Locked into lo-fi mode, Bunkhouse and their drum machine take a walk on the retro electropop side to find the inspiration for “RIP.ie” and come back with a shopping trolley full of wonky words, ironic harmonies and stray chords. Smack me now.
This song felt kind of cuddly. Softly sung and holding a staunchly acoustic course, Katrina Cain leads us, with her song “Independence Day”, on a journey from yesterday straight to the heart of the matter. A song worthy of a sigh.
All songs aren’t happy songs and “Part of Life” most certainly isn’t a happy song with a brooding melancholy pervading its entire length. As you might therefore expect, Methoxy goes deep with her words to keep her song on its chosen track.
Not being a fashion guru, I don’t know if laidback is the new black but, if that should indeed be the case, “Ochre” would make a perfect soundtrack to smoky musings on the meaning of life. Goon me one more time and pass the herbal tea.
Joe Normal strikes out once more for the main road with another blue collar anthem that goes by the name of “Summer Jobs” putting the tiger in his tank. It’s an upbeat song that features alcohol and cigarettes so sing along. You know it makes sense.
There is no doubting that “Ce Poème” is powered by a convincing, if French style, solid urban groove yet M Unknow chooses to disguise his own lyrical abilities with the use of excessive vocal processing that serves only to dilute his message.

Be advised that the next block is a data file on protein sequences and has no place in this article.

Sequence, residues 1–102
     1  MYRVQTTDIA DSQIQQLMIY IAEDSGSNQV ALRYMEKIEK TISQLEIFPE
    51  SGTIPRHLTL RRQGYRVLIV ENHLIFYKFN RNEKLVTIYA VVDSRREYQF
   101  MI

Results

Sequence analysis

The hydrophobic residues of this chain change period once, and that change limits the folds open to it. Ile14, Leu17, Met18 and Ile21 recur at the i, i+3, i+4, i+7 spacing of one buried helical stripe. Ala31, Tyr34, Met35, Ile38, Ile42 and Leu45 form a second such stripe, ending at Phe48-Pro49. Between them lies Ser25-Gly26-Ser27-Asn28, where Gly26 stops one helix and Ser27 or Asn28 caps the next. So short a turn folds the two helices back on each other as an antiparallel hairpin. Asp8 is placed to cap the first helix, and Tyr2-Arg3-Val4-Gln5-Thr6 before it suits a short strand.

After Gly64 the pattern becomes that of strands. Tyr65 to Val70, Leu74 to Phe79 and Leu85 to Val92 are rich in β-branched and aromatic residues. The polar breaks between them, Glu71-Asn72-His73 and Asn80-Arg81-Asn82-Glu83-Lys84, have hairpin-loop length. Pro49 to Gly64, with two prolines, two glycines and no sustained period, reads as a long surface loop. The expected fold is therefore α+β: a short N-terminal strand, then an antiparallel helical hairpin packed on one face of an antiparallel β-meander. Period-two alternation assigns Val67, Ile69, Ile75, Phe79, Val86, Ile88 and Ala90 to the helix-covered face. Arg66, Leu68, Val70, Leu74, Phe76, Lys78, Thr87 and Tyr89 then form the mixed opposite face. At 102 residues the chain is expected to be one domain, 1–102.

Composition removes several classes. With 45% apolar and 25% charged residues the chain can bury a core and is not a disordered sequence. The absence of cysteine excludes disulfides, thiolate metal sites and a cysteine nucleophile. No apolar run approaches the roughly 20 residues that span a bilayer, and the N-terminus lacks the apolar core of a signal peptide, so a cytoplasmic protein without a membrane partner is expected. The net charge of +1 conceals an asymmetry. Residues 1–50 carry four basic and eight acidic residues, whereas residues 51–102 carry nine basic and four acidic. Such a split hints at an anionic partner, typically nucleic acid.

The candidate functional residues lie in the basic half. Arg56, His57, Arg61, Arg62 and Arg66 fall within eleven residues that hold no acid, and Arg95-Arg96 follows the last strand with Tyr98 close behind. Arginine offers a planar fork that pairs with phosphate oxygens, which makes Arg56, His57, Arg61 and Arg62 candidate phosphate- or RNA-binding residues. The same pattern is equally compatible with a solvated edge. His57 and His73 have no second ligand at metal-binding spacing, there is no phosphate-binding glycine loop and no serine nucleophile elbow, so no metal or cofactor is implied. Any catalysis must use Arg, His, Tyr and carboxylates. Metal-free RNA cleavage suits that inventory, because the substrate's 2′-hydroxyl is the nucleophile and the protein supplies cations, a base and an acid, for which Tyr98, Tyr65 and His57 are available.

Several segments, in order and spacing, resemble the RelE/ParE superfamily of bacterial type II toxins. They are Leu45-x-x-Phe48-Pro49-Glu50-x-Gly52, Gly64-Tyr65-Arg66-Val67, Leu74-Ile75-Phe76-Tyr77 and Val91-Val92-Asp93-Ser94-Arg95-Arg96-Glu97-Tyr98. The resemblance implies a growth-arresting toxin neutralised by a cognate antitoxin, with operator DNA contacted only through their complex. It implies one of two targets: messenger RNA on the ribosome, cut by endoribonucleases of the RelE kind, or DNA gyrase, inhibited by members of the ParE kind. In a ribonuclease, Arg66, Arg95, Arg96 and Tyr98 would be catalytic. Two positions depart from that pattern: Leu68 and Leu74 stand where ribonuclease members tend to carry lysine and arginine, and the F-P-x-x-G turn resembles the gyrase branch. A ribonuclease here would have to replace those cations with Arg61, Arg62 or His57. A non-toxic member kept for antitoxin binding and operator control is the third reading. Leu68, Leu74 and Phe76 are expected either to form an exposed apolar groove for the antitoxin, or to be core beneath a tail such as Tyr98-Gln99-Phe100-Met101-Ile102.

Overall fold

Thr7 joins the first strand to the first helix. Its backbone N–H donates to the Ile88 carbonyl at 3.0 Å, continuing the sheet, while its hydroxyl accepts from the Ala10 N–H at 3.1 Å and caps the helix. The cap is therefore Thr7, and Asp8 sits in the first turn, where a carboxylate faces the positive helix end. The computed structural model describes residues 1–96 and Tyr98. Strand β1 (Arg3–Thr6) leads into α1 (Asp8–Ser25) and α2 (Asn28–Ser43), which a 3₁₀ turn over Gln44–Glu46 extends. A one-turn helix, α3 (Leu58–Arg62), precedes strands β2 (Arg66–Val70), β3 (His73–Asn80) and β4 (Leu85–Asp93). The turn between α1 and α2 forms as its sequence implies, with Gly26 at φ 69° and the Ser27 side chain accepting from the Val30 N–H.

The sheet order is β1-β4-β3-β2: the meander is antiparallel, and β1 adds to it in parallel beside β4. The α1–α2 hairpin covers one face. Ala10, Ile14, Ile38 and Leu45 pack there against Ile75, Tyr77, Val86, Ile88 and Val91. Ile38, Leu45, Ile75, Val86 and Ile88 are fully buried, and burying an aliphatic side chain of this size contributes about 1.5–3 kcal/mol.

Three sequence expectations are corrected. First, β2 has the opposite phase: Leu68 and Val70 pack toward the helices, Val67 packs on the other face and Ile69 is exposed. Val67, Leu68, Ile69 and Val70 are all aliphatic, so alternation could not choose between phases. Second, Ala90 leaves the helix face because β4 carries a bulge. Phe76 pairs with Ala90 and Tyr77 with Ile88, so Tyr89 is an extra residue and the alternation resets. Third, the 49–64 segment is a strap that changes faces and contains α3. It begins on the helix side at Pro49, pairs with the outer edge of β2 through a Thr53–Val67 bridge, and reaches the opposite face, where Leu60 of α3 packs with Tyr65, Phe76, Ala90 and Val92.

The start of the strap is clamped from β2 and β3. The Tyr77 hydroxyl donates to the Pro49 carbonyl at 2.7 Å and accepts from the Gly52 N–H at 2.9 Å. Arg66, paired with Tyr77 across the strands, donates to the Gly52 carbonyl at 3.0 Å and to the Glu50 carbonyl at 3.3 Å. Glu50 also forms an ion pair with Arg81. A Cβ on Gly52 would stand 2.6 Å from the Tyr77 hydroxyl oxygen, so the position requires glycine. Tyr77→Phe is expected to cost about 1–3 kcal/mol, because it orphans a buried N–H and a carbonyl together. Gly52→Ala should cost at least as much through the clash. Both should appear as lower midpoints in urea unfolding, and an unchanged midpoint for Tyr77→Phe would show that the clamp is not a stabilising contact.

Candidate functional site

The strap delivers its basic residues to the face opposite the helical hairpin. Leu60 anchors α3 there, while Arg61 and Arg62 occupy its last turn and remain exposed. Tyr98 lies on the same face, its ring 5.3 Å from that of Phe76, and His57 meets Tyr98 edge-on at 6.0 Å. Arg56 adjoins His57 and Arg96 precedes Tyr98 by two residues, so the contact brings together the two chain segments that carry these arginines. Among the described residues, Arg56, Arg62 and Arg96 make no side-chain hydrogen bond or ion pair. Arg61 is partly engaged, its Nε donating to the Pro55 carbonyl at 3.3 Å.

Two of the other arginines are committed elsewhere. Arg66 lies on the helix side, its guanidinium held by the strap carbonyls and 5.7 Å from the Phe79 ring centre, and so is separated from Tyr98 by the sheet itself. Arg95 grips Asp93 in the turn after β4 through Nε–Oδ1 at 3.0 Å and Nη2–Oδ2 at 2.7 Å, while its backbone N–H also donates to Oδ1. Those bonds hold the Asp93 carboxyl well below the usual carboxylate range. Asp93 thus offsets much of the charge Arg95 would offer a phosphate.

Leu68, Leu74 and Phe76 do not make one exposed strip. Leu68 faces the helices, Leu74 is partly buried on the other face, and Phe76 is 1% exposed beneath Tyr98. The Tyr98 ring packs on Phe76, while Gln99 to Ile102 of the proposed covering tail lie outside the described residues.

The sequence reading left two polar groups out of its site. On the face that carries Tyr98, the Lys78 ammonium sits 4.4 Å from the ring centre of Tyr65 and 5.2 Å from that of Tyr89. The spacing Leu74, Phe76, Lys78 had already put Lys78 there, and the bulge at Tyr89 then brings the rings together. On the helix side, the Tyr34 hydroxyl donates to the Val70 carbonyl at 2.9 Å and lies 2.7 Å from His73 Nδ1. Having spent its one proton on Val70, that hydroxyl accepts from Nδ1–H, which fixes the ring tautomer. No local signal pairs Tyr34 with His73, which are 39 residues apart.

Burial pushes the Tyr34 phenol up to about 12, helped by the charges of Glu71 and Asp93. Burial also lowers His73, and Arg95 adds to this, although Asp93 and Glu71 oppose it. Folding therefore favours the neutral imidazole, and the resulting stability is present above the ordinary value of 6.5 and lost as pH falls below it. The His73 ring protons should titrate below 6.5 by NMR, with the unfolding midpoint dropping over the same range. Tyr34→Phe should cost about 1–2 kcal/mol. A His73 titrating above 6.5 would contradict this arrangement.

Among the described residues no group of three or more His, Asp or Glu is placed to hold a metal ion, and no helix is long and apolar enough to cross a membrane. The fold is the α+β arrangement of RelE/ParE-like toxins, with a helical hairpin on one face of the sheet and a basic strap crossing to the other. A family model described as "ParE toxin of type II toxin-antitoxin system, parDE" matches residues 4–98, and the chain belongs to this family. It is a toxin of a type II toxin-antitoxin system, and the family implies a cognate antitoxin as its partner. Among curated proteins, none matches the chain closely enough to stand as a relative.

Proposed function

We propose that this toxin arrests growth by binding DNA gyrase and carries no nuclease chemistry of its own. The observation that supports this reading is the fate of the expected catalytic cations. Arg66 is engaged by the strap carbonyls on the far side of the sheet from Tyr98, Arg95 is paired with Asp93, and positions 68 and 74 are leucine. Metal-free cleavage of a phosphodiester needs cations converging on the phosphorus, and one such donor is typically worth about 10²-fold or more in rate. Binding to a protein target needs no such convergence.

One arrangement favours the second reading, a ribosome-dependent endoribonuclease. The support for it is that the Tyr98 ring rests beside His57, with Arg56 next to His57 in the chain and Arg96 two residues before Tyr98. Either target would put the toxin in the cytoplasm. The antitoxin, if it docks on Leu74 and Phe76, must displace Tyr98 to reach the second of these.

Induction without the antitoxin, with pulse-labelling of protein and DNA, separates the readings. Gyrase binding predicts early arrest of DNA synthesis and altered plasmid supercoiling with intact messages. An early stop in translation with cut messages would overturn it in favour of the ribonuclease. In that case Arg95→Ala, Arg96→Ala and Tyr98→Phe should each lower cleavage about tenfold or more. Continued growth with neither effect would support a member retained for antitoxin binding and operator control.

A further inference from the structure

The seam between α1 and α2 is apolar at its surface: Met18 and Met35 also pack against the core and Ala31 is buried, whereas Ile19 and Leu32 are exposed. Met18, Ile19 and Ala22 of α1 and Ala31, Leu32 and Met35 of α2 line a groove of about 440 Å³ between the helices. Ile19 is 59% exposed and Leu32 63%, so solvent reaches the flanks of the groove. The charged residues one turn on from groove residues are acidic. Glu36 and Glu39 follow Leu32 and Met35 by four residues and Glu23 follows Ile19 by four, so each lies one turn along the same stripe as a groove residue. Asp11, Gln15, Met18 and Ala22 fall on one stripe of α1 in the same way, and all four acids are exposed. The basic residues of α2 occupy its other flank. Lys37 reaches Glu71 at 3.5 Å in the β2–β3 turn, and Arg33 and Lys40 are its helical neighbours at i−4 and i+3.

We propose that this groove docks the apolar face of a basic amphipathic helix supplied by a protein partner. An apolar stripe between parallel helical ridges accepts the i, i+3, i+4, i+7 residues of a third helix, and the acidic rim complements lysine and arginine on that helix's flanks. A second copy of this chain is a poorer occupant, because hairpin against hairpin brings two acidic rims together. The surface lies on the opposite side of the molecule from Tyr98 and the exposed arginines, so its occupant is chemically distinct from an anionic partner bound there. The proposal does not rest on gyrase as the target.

She’s got the classic late eighties urban soul sound down to a tee and “Hearts In A Cage” duly highlights Natalie Duncan’s natural ability to keep it classy. The song suits her and she suits the song and you can’t get better than that.
Broke Royals pull their motivations from the great American rock playlist and clearly know how to keep things on the right track and there is duly little difficulty in classifying “All I Have To Show” as a sturdy song. Blue collar and proud of it.
“Baker Miller Pink” rolls like a song borne of the city and Sofie Boyer walks the tightrope between buoyancy and deeper purpose with both poise and assurance. Without a doubt, it’s a commercial song and none the worse for that.
You can truly feel Son Of The Descent’s determination to keep their song “Roomful Of Heroes” firmly on the lo-fi track with the grey vocals, instrumental fog and ten bob looped beats painting a sonic picture that has no sunshine in it whatsoever. It’s deep.
It takes a lot to make anything that might fit into the Americana genre cool yet that is what Monica Queen has done with “Why Not Your Baby” and her, rather unique, voice casts a spell that makes the song resonate far beyond its simplicity. I sigh once more.
What would a protest song sound like these days? Perhaps it would be powered by brooding electronica and have words that drift between the purposeful and the fanciful? If so, “Swaying Pelvises” by Elenne May might well be one.
Facebook Twitter Album and single reviews RSS feed